Saturday, June 25, 2016

‘Ninja Librarians: Sword in the Stacks’

Book cover: 'The Ninja Librarians, Sword in the Stacks.' Image depicts three figures against a backdrop of floor-to-ceiling rows of shelves stacked with books and the skeletons of small animals. An enormous portrait of a mustachioed man in a hat glowers down at them.
It was such a delight to read The Accidental Keyhand, first book in The Ninja Librarians, that I eagerly accepted an invitation by series author Jen Swann Downey to read the second book.

As Sword in the Stacks opens (Sourcebooks Jabberwocky, 2016), young protagonists Dorrie and Marcus begin their training as official apprentices to the Lybrariad, a secret society that aids people who were persecuted throughout history for expressing their ideas.

This fantasy series builds upon the image of the library professional as a defender of intellectual freedom and endows its characters with swashbuckling derring-do.

These “lybrarians-with-a-y” are as equally proficient with various types of intrigue and combat as they are with speed cataloging.

“Petrarch’s Library,” the Lybrariad’s base of operations, is anchored to past and present centuries, accessible via “spoke libraries.”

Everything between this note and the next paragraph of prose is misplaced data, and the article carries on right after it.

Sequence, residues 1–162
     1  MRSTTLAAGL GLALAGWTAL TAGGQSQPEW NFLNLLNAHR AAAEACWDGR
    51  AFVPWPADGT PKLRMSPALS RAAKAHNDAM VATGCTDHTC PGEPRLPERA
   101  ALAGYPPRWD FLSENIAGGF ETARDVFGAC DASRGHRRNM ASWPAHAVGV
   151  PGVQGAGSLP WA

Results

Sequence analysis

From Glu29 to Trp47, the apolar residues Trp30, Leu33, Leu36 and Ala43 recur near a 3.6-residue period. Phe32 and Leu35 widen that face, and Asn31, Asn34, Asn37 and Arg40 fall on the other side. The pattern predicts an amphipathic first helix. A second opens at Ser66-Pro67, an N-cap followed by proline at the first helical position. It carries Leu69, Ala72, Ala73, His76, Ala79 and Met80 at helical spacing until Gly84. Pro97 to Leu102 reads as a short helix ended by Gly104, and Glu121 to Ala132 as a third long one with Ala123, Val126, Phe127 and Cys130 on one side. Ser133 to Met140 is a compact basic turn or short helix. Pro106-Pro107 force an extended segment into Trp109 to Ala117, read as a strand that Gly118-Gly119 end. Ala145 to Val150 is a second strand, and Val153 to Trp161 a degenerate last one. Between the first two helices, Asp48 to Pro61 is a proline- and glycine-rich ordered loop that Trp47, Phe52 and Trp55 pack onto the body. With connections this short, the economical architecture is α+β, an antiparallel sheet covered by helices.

Libraries that ceased to exist in their own times are also preserved within Petrarch’s Library, which magically reconfigures itself to make room when new “ghost libraries” arrive. I don’t want to spoil too many wonderful details about one such “ghost library.”

A repressive organization that held power in the distant past — and has regained power in future centuries not yet accessible to the Lybrariad — seeks to undo crucial missions by the Lybrariad and restore a time when the ability to read and write was restricted to only a few people.

The threat posed by the Foundation is juxtaposed against the ethical considerations addressed during Dorrie’s training.

(At one point, Dorrie and fellow apprentice Ebba are sent to early 20th-century England to prevent suppression of a newspaper opposing votes for women — because freedom of speech isn’t just applicable to the ideas a lybrarian agrees with.)

Ultimately, I found so much to enjoy while reading Sword in the Stacks, and recommend it for young readers who like a mix of ideas with their adventure. Here’s hoping for future volumes in The Ninja Librarians.

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